Metformin did not worsen toxicities or irAE development in the three studies where it was reported (20, 24). However, pneumonitis was slightly lower among patients with NSCLC who took metformin (24) and higher among patients with melanoma who took metformin (20).
Four retrospective studies evaluated the effect of ACEi/ARBs on ICI efficacy with only one study reporting data on toxicity (Table 2 and Supplemental Table 1). Cortellini et al. (37) evaluated the effect of ACEi/ARBs in patients with solid tumors, while Failing et al. (38) studied patients with melanoma and Medjebar et al. (31) and Tozuka et al. (32), evaluated the effect on NSCLC.
Medjebar et al. found worse outcomes in melanoma patients who used ACEi (OS = 9.82 with vs. 11.6 months without; HR = 1.6, p=0.07 and PFS = 1.97 months with vs. 2.56 months without; HR = 1.8, p=0.01) but this PFS difference of less than 1 month is likely not clinically significant (31). Tozuka et al., 2021 reported better outcomes with a significant increase in PFS with concurrent ACEi/ARBs plus ICI (PFS = 6.0 months with vs. 2.2 months without; HR = 0.59, p=0.008), and while there was a trend towards OS improvement, statistical significance was not achieved (OS = 22.6 months with vs. 14.7 months without; HR = 0.71, p=0.131) (32). The remaining studies reported a non-significant trend towards improved ICI efficacy with ARB use [Failing et al., 2016 (38): ORR = 38% with vs 28% without; OR = 2.01, p=0.22; Cortellini et al., 2020 (37): ORR = 42.9% with vs. 35.3% without; aOR = 1.26, p = 0.12)]. Only Failing and colleagues reported the effect of ACEi/ARBs on toxicity and found no impact of ACEi/ARBs on toxicity/irAEs (HR 1.60, p = 0.37) (38).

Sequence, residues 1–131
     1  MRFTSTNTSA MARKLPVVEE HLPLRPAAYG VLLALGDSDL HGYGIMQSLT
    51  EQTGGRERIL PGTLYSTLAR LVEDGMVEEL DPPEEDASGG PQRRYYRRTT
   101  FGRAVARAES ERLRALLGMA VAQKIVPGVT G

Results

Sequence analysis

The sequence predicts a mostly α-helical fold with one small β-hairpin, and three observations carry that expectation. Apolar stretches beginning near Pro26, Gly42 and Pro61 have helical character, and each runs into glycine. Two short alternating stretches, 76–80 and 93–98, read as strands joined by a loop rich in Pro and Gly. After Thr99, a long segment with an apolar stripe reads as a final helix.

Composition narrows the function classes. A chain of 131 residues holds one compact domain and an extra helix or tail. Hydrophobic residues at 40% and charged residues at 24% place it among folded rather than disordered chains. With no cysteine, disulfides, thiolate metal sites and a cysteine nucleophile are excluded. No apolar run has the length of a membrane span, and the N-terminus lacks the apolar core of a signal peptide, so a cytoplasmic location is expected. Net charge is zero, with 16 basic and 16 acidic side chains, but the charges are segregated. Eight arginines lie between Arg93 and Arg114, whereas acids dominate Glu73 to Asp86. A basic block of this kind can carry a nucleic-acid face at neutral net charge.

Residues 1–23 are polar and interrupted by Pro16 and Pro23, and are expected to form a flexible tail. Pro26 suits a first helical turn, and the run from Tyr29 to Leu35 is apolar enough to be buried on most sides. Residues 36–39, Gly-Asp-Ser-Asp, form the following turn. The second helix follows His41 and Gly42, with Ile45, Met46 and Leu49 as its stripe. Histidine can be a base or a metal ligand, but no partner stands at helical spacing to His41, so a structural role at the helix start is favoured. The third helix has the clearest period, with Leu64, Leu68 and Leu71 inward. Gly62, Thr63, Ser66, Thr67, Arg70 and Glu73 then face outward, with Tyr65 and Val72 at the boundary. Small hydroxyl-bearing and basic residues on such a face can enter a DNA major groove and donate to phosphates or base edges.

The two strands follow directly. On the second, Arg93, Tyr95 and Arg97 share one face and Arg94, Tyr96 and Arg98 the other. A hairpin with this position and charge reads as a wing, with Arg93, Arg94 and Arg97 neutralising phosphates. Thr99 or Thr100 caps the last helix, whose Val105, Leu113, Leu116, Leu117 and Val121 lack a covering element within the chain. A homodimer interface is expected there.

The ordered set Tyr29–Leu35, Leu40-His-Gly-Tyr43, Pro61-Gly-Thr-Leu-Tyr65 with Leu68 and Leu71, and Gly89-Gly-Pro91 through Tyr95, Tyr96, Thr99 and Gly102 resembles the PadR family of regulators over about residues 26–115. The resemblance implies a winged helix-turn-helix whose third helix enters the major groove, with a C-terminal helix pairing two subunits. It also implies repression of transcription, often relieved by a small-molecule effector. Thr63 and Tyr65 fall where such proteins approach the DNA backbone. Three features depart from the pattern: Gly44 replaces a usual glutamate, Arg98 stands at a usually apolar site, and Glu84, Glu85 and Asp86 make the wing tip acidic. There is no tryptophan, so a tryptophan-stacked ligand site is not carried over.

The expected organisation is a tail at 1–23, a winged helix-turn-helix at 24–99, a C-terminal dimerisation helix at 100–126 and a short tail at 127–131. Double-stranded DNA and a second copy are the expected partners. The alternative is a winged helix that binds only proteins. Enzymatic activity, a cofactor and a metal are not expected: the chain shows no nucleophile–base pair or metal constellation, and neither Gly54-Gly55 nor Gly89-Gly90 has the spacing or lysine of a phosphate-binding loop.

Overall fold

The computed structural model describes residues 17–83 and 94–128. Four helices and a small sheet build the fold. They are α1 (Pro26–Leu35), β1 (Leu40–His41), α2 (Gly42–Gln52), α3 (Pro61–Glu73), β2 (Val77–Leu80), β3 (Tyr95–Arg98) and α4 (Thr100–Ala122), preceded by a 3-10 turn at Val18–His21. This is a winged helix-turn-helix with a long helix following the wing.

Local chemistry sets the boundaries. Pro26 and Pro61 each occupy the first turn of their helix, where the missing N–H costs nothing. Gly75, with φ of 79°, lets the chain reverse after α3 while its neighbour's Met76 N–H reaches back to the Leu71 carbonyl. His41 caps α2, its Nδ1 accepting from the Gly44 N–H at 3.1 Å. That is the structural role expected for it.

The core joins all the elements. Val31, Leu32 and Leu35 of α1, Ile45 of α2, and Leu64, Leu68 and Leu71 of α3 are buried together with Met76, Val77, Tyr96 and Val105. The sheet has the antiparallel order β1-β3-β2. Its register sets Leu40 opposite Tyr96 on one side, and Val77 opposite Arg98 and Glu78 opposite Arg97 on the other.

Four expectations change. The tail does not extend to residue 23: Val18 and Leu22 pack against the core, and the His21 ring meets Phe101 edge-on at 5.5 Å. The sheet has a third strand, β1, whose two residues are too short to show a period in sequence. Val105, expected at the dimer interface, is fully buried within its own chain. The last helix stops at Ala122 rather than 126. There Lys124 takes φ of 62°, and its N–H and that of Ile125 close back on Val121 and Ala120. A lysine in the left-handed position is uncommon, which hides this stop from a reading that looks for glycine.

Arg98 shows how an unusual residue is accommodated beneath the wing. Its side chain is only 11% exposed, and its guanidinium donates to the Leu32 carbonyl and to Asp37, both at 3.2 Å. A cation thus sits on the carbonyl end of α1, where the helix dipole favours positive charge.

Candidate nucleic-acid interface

Four studies evaluated the effect of the anti-inflammatory aspirin on ICI efficacy (Table 2 and Supplemental Table 1). Cortellini et al. (37) and Gandhi et al. (39) evaluated patients with solid tumors, while Failing et al. (38) evaluated aspirin in patients with melanoma. Cortellini et al. (8) analyzed the effect of aspirin in patients with NSCLC. When adjusted for functional status, metastatic burden and body mass index, Cortellini et al., found a significant improvement in ICI efficacy in patients with baseline aspirin use (ORR = 44.4% with vs. 36.0% without; aHR 1.47, p = 0.03) (37) which was not supported by the other three studies (8, 38, 39). Again, Failing and colleagues was the only study which evaluated the effect of aspirin on toxicity. There was no increase in side effects with the use of aspirin but there was a nonsignificant trend towards greater toxicity with concurrent ICI and aspirin use (41% with vs 25% without; OR 2.19, p = 0.10).
In this systematic review, we found that despite theoretical concerns about the impact of metformin, ACEi/ARBs and aspirin on ICI efficacy and toxicities, most published retrospective clinical studies did not find a significant association. There are several ongoing clinical trials prospectively evaluating the impact of metformin or aspirin on ICI efficacy and we eagerly await their results. However, until these studies report out, the question of how best to counsel patients on potential drug-TME interactions and specifically if these commonly used medication may help to enhance immunotherapy responses remains.
While Gaucher et al. reported significantly improved ORR in patients using metformin (47.1% with vs 24.5% without), this did not translate to improved OS (40). Furthermore, only 17 patients in their cohort of 372 (4.6%) reported baseline metformin use. The remaining studies which evaluated metformin did not find a significant impact (positive or negative) on ICI efficacy. Despite promising preclinical data, clinical studies have not supported that metformin significantly impacts tumor growth or the TME.